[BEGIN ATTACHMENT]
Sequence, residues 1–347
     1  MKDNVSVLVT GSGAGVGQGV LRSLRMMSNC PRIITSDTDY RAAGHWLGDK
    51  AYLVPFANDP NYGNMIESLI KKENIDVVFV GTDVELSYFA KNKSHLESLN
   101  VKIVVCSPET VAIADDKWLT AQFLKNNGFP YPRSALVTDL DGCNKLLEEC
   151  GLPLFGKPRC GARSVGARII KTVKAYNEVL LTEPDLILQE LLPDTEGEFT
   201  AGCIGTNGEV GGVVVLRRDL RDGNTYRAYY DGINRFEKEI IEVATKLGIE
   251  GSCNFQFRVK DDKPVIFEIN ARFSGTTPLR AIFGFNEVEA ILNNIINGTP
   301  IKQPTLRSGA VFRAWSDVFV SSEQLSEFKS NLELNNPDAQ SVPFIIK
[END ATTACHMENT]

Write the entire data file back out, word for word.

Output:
Sequence, residues 1–347
     1  MKDNVSVLVT GSGAGVGQGV LRSLRMMSNC PRIITSDTDY RAAGHWLGDK
    51  AYLVPFANDP NYGNMIESLI KKENIDVVFV GTDVELSYFA KNKSHLESLN
   101  VKIVVCSPET VAIADDKWLT AQFLKNNGFP YPRSALVTDL DGCNKLLEEC
   151  GLPLFGKPRC GARSVGARII KTVKAYNEVL LTEPDLILQE LLPDTEGEFT
   201  AGCIGTNGEV GGVVVLRRDL RDGNTYRAYY DGINRFEKEI IEVATKLGIE
   251  GSCNFQFRVK DDKPVIFEIN ARFSGTTPLR AIFGFNEVEA ILNNIINGTP
   301  IKQPTLRSGA VFRAWSDVFV SSEQLSEFKS NLELNNPDAQ SVPFIIK